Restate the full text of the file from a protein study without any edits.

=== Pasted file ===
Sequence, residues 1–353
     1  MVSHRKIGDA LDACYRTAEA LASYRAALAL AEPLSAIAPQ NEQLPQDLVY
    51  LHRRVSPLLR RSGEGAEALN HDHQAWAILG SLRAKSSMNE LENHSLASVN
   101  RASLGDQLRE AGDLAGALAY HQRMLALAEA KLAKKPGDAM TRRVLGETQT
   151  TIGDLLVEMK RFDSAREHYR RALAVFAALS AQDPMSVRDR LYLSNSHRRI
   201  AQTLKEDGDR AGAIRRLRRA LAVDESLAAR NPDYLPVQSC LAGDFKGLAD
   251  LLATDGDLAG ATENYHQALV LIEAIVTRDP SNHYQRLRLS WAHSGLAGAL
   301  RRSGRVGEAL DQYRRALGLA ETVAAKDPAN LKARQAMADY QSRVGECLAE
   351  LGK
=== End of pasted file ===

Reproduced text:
Sequence, residues 1–353
     1  MVSHRKIGDA LDACYRTAEA LASYRAALAL AEPLSAIAPQ NEQLPQDLVY
    51  LHRRVSPLLR RSGEGAEALN HDHQAWAILG SLRAKSSMNE LENHSLASVN
   101  RASLGDQLRE AGDLAGALAY HQRMLALAEA KLAKKPGDAM TRRVLGETQT
   151  TIGDLLVEMK RFDSAREHYR RALAVFAALS AQDPMSVRDR LYLSNSHRRI
   201  AQTLKEDGDR AGAIRRLRRA LAVDESLAAR NPDYLPVQSC LAGDFKGLAD
   251  LLATDGDLAG ATENYHQALV LIEAIVTRDP SNHYQRLRLS WAHSGLAGAL
   301  RRSGRVGEAL DQYRRALGLA ETVAAKDPAN LKARQAMADY QSRVGECLAE
   351  LGK